FDA Tells Congress What It Wants, What it Really Really Wants (it really really really wants a zigazig-ah)

April 3, 2024By Sara W. Koblitz

Every year, federal agencies submit a budget request to Congress to fund various agency initiatives, and every year FDA includes a list of legislative proposals that it would like to see come out of Congress.  This year is no different, and in fact some of the requests on this year’s list are repeat offenders from last year’s.  And though FDA may not have gotten everything that it wanted last year, reviewing and reflecting on these lists of legislative proposals provides important insight for industry to see where FDA thinks it might need congressional assistance to “better support Agency efforts to protect American consumers and patients.”  Perhaps unsurprisingly given the extraordinary focus on drug pricing in the last decade, generic competition—FDA’s only real way to have an effect on drug pricing—tops this year’s list.

Under the heading “Facilitating Competition” are multiple initiatives designed to either hasten development of generic drugs or limit blockades to market.  In the first category, FDA asks Congress to amend the FDCA to require drug manufacturers to disclose full information about the name and quantity of inactive ingredients in product labeling and permit FDA to disclose to generic sponsors the names and amounts of such inactive ingredients.  This proposal is clearly intended to address difficulties in formulating generic drugs with the same quantity and quality of inactive ingredients as required by regulation for certain dosage forms.  “FDA believes this change would effectuate timelier and more cost-efficient generic drug development . . . .”  Additionally, FDA moves into the biologics world, seeking to facilitate follow-on competition in that market by asking Congress to do away with the line between interchangeable biosimilars and other biosimilars; eliminating that distinction would allow for substitution of biosimilars (rather than only interchangeable biosimilars) thereby eliminating an obstacle to follow-on biologic access.  Finally, FDA asks Congress to amend to FDCA § 505(j) to address the submission and review of drug-device combination product ANDAs, as well as drug products submitted in an ANDA that are used with devices.  While it is not in question that FDA has the authority to approve combination product ANDAs, FDA seeks amendments to clarify that FDA can request and review data for such applications, that certain differences between the device constituent parts of the reference listed drug (RLD) and the proposed generic are permissible, and that differences in labeling between the RLD and the proposed generic as a result of permissible differences in the device are also permissible.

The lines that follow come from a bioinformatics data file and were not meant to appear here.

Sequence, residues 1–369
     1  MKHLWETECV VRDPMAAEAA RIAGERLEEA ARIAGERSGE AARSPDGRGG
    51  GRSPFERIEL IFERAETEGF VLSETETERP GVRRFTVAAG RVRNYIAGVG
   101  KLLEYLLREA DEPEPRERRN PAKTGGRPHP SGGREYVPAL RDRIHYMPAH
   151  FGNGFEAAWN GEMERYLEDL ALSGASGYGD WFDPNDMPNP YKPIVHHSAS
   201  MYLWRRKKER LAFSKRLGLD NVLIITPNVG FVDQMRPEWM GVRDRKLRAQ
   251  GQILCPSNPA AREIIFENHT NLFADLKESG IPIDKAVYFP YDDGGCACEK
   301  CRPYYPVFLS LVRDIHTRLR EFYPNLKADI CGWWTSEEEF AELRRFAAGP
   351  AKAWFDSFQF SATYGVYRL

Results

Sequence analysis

In the second category—limiting blockades to marketing—are efforts to limit blocking exclusivities and induced infringement liability.  First, FDA proposes to amend three-year exclusivity such that exclusivity is awarded only where the new drug applicant is actually seeking exclusivity and where the data supporting exclusivity actually demonstrates the hypothesized effect of the drug; this approach would prevent information on new safety risks from blocking competition.  Second, FDA proposes to amend the 180-day forfeiture provisions to address exclusivity parking by adding a 75-day failure to market period triggered by resolution of patent litigation without a finding or infringement or invalidity if there is no settlement agreement limiting the ability to market.  If a settlement agreement does limit ability to market until a certain date, that date would trigger a 75-day failure to market period.  Finally, in response to the GSK and Teva litigation, FDA continues to ask for a legislative fix.  Specifically, FDA asks to add a “safe harbor” from patent infringement liability for applicants for generic applicants marketing with a “skinny label” due to Agency concern that induced infringement litigation threats will impact the “timely availability” of generic drugs.  We note though that the proposed “safe harbor” isn’t exactly a “safe harbor” that would alleviate concerns of allegations of induced infringement arising from skinny labels; instead, it would only limit the use of certain claims from evidence of induced infringement and thus may not have the intended effect.

In addition to those initiatives relating to generic competition, the FY25 Legislative Proposals is filled with requests for other legislative authority.  Of particular interest to this blogger, FDA includes several initiatives related to animal drugs.  Specifically, FDA seeks a “targeted statutory provision for FDA-regulated biologic products for animals” so that more of these products can become approved, as the Agency estimates that over 95% of such products are not approved right now.  FDA also asks to amend the FDC Act to require labeling updates for new safety information for animal drugs, to allow for REMS for animal drugs, to require postmarketing studies for animal drugs to assess known or potential risks, and to prevent diversion of animal drugs.  FDA also asks for recall authority over drugs—both human and animal—to remove violative drug products from market “more quickly”.  There are a significant number of additional initiatives the Agency requests with sections dedicated to “Enhancing Data, Information, and Postmarket Safety;” “Addressing Medical Product Shortages and Supply Resiliency;” “Modernizing Foods Authority;” and “Other.”  FDA has a lot of wants, and it has seized the opportunity to ask for what it wants, what it really really wants.